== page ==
Adewale Sanyaolu, Houston, Texas
Chief Executive Officer (CEO) of Seplat Petroleum Development Company Plc, Mr. Austin Avuru, has said that Diaspora remittances by Nigerians in 2018 surpassed the nation’s earnings from oil and gas in the same year.
Avuru, stated this at the Nigerian-American Multicultural Council (NAMC) 8th Annual Gala Night in Houston, Texas, where he was the Honorary Gala Chair and Lifetime Achievement Awardee.
Nigerians in the Diaspora in 2017 remitted $22 billion, making it the highest in Sub-Saharan African region followed by Senegal and Ghana with $2.2 billion each for the year. Currently, the country is among the top five nations in global remittances.
Chief economist at PriceWaterCoopers (PwC) Nigeria, Prof Andrew Nevin, had said Nigeria’s citizens living outside the country remitted an estimated $25 billion in 2018, making them its biggest export.
Avuru, who quoted the National Bureau of Statistics (NBS) stated that, the bureau had two weeks ago disclosed in its report that for the full year 2018, diaspora remittances for the first time exceeded Federal Government’s earnings from oil and gas sector.
The PwC’s Chief Economist, in a report titled, “Nigeria Economic Outlook: Top 10 Themes For 2019”, noted that remittances to Nigeria represent 6.1 per cent of Gross Domestic Product (GDP), and translate to 83 per cent of the Federal Government budget in 2018.
This was as statistics from the Central Bank of Nigeria (CBN) indicated that Nigeria earned N5.54 trillion from the petroleum industry in 2018, amounting to 60.88 per cent of the N9.1 trillion budget for the 2018 fiscal year and 63.45 per cent of the N8.73 trillion proposed budget for 2019.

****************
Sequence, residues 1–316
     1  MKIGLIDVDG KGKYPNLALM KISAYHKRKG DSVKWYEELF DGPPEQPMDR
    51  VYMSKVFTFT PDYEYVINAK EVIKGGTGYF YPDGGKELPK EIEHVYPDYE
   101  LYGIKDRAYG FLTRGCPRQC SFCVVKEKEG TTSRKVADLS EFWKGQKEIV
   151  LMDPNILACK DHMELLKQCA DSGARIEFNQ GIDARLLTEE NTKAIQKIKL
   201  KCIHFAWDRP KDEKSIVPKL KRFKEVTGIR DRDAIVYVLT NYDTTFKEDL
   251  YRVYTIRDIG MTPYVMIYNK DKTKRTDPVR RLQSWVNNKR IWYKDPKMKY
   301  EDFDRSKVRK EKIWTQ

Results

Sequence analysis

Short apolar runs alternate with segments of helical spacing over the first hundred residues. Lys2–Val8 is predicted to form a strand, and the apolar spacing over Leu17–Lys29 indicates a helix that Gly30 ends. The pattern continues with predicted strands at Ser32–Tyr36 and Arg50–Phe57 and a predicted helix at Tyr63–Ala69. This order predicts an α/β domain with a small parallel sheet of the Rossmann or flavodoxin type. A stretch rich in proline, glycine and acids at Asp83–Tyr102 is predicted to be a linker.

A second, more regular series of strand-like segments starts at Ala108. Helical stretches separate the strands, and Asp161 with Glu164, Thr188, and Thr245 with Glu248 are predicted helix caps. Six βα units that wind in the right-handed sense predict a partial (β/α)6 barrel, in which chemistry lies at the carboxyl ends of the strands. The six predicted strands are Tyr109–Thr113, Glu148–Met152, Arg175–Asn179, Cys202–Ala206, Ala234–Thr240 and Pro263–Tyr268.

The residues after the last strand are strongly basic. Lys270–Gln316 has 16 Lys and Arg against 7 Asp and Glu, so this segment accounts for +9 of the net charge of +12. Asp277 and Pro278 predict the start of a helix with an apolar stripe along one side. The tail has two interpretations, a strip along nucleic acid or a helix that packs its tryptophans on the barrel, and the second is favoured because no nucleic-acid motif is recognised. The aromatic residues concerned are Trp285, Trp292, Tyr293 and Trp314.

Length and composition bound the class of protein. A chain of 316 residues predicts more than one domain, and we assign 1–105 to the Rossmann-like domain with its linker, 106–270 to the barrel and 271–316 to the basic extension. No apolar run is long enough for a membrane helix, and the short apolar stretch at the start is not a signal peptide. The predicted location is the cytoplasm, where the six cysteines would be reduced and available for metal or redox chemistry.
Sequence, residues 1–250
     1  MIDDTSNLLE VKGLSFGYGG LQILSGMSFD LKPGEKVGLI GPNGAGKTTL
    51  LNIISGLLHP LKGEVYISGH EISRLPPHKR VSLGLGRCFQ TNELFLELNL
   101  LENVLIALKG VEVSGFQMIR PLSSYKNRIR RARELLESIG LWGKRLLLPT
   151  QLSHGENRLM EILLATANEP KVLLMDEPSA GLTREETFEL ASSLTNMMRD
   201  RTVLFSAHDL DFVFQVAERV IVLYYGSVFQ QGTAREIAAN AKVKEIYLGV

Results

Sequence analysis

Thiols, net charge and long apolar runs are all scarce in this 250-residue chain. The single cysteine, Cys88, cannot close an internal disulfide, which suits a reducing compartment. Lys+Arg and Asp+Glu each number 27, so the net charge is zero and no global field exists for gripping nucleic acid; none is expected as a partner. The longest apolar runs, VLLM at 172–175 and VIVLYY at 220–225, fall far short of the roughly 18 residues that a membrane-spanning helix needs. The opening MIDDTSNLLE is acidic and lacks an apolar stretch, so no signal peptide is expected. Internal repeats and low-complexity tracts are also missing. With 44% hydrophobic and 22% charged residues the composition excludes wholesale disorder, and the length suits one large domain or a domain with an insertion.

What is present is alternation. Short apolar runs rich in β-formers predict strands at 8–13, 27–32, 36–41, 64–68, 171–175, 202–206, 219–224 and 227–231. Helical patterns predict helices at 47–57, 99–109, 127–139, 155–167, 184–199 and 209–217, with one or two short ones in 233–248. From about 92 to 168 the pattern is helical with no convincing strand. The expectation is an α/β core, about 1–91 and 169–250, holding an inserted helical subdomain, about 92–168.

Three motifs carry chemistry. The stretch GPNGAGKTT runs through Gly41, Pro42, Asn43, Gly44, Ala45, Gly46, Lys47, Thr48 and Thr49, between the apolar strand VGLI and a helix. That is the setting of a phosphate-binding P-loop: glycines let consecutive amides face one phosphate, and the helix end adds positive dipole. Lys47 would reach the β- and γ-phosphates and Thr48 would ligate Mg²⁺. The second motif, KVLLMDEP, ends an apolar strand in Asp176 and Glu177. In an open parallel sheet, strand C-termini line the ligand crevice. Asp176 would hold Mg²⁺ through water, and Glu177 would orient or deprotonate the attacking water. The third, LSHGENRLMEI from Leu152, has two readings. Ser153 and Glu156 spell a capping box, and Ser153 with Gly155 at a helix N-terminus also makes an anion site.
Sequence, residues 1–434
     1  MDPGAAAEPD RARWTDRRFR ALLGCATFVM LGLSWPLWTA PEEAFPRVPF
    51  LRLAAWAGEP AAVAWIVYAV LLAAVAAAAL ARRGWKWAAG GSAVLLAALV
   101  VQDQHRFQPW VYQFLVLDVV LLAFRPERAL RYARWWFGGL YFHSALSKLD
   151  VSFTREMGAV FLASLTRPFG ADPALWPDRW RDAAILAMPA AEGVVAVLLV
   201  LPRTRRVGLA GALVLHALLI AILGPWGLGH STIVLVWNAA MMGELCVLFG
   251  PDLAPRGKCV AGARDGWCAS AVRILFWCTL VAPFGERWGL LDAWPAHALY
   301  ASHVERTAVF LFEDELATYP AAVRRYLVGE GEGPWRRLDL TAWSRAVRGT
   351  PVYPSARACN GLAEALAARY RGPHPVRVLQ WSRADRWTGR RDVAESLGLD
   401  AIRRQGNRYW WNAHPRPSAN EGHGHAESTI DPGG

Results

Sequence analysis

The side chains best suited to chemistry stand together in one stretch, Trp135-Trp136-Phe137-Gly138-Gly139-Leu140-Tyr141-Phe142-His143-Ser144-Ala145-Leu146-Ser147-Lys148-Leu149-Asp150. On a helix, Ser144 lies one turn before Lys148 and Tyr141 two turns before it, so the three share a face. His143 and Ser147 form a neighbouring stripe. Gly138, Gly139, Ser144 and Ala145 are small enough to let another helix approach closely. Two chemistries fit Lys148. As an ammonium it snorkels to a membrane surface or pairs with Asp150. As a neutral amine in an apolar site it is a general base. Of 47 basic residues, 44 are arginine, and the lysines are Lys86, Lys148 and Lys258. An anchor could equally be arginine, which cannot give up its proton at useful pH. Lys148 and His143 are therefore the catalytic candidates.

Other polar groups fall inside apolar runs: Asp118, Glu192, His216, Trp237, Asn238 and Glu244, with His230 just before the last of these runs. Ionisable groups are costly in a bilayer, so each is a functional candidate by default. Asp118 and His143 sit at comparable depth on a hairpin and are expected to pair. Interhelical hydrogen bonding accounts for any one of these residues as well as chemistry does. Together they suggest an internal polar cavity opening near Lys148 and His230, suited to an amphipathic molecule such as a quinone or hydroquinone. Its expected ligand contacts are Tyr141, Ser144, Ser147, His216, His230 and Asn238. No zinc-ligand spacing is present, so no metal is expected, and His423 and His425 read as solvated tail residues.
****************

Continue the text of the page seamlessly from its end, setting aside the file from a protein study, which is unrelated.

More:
The Seplat boss while addressing Nigerian professionals in Houston, Texas admonished them to use their wealth of knowledge, and wide contact to help develop the country’s economy.
He noted that the remittance figure for 2018 is an indication that Nigerians in diaspora have not forgotten their heritage in all they do outside the shores of the country.
‘‘You may not really know the value you are contributing to the economy even while you are here. But your remittances to Nigeria is in no small measure contributing to the country’s growth.
For me, if you are emphasising the bridge between Nigeria and America, it is about enterprise and value creation. It is pleasing to note that, we Nigerians are no longer invitees to the banquet but co-organisers and participants in the banquet.
From the young men and women to the old ones, the position that you hold in multinational organisations, and the entrepreneurs that have risen to height, both here and back in Nigeria attest to your tenacity.
And even when you recollect that all of these successes are personal efforts and not as a result of any government backing or push; that means that one day, when we finally get our governance right, things will take a turn for the best.’’